Annual star-studded gala slated for Nov. 4 in Las Vegas during 10th Annual Latin GRAMMY Week celebration
Internationally renowned singer/songwriter/performer Juan Gabriel will be celebrated as the 2009 Latin Recording Academy Person of the Year, it was announced today by The Latin Recording Academy. Juan Gabriel, chosen for his professional accomplishments as well as his commitment to philanthropic efforts, will be recognized at a star-studded concert and black tie dinner on Nov. 4 at the
The "Celebration with Juan Gabriel" gala will be one of the most prestigious events held during Latin GRAMMY week, a celebration that culminates with the 10th Annual Latin GRAMMY Awards ceremony. The milestone telecast will be held at
"As we celebrate this momentous decade of the Latin GRAMMYs, The Latin Recording Academy and its Board of Trustees take great pride in recognizing Juan Gabriel as an extraordinary entertainer who never has forgotten his roots, while at the same time having a global impact," said Latin Recording Academy President Gabriel Abaroa. "His influence on the music and culture of our era has been tremendous, and we welcome this opportunity to pay a fitting tribute to a voice that strongly resonates within our community."
Over the course of his 30-year career, Juan Gabriel has sold more than 100 million albums and has performed to sold-out audiences throughout the world. He has produced more than 100 albums for more than 50 artists including Paul Anka, Lola Beltran, Rocío Dúrcal, and Lucha Villa among many others. Additionally, Juan Gabriel has written more than 1,500 songs, which have been covered by such artists as Marc Anthony, Raúl Di Blasio, Ana Gabriel, Angelica María, Lucia Mendez, Estela Nuñez, and Son Del Son. In 1986, Los Angeles Mayor Tom Bradley declared Oct. 5 "The Day of Juan Gabriel." The '90s saw his induction into Billboard's Latin Music Hall of Fame and he joined La Opinion's Tributo Nacional Lifetime Achievement Award recipients list.
At the age of 13, Juan Gabriel was already writing his own songs and in 1971 recorded his first hit, "No Tengo Dinero," which landed him a recording contract with RCA. Over the next 14 years, he established himself as Mexico's leading singer/songwriter, composing in diverse styles such as rancheras, ballads, pop, disco, and mariachi, which resulted in an incredible list of hits ("Hasta Que Te Conocí," "Siempre En Mi Mente," "Querida," "Inocente Pobre Amigo," "Abrázame Muy Fuerte," "Amor Eterno," "El Noa Noa," and "Insensible") not only for himself but for many leading Latin artists. In 1990, Juan Gabriel became the only non-classical singer/songwriter to perform at the Palacio de Bellas Artes in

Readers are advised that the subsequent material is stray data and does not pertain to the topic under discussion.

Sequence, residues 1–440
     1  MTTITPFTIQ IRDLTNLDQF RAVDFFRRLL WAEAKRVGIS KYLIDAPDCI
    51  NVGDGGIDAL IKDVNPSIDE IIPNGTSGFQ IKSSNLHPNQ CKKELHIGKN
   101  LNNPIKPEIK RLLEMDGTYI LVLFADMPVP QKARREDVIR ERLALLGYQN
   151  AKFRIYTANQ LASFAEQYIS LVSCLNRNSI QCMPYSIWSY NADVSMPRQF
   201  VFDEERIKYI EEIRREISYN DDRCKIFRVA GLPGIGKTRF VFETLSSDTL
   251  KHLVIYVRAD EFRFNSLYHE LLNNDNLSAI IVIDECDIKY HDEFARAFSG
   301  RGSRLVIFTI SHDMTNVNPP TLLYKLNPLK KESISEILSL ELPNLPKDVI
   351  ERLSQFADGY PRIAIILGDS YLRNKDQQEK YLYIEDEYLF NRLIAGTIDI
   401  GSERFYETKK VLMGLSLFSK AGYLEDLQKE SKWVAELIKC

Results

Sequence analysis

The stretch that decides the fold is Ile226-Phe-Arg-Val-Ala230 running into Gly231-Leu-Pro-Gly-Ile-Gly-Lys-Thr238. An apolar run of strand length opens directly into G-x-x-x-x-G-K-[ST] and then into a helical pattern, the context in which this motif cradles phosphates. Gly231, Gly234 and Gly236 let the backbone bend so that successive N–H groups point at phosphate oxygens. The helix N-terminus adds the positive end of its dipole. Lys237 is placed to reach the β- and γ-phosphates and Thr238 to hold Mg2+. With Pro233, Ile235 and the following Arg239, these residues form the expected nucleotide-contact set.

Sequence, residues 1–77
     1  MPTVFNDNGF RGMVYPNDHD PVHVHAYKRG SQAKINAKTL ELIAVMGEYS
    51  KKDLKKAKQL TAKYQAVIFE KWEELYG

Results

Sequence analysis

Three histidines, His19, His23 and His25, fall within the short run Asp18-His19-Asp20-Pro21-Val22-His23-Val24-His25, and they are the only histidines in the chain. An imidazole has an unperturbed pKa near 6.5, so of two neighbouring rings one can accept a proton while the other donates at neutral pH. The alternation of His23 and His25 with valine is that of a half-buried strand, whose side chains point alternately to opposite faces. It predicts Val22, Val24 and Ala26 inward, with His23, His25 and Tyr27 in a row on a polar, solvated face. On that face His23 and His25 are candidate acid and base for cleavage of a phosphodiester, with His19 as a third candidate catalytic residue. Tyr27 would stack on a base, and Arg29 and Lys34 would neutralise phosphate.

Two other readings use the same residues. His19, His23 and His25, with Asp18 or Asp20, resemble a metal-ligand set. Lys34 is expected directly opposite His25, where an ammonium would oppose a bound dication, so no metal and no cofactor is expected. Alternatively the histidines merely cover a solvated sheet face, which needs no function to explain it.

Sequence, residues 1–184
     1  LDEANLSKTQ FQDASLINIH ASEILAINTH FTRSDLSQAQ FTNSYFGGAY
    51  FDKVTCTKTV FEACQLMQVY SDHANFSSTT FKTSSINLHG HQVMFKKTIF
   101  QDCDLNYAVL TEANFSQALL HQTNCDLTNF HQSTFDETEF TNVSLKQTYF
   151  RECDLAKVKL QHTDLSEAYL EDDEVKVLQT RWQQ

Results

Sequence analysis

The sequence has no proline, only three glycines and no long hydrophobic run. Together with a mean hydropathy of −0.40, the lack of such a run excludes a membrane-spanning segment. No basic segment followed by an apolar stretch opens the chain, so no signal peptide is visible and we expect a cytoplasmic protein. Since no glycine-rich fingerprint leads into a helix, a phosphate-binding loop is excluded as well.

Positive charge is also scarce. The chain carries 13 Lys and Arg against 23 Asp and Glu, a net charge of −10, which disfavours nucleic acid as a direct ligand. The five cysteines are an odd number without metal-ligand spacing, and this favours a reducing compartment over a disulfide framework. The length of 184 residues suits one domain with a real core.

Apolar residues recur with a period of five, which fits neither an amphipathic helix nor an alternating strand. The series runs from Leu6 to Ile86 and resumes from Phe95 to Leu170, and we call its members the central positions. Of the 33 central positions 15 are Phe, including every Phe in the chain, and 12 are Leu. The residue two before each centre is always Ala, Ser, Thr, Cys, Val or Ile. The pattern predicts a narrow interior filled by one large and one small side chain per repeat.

After a hiatus from recording, Juan Gabriel released such albums as Gracias Por Esperar, Juntos Otra Vez, Abrázame Muy Fuerte, Los Gabriel…Para Ti, Juan Gabriel Con La Banda…El Recodo, and El Mexico Que Se Nos Fue, which were all certified gold and/or platinum by the RIAA. In 1996, to commemorate his 25th anniversary in the music industry, BMG released a retrospective set of CDs entitled 25 Aniversario, Solos, Duetos, y Versiones Especiales, comprised appropriately of 25 discs.
In addition to his numerous accolades and career successes, Juan Gabriel has been a compassionate and generous philanthropist. He has donated all proceeds from approximately 10 performances a year to his favorite children's foster homes, and proceeds from fan photo-ops go to support Mexican orphans. In 1987, he founded Semjase, an orphanage for approximately 120 children, which also serves as a music school with music, recreation and video game rooms. Today, he continues to personally fund the school he opened more than 22 years ago.
Juan Gabriel will have the distinction of becoming the 10th Latin Recording Academy Person of the Year honoree, and joins a list of artists such as Gloria Estefan, Gilberto Gil, Juan Luis Guerra, Julio Iglesias, Ricky Martin, and Carlos Santana among others who have been recognized.
For information on purchasing tickets or tables to The Latin Recording Academy Person of the Year tribute to Juan Gabriel, please contact The Latin Recording Academy ticketing office at 310.314.8281 or firstname.lastname@example.org.
Photo: The Recording Academy
Set List Bonus: Bumbershoot 2013
Welcome to The Set List. Here you'll find the latest concert recaps for many of your favorite, or maybe not so favorite, artists. Our bloggers will do their best to provide you with every detail of the show, from which songs were on the set list to what the artist was wearing to which out-of-control fan made a scene. Hey, it'll be like you were there. And if you like what you read, we'll even let you know where you can catch the artist on tour. Feel free to drop us a comment and let us know your concert experience. Oh, and rock on.
By Alexa Zaske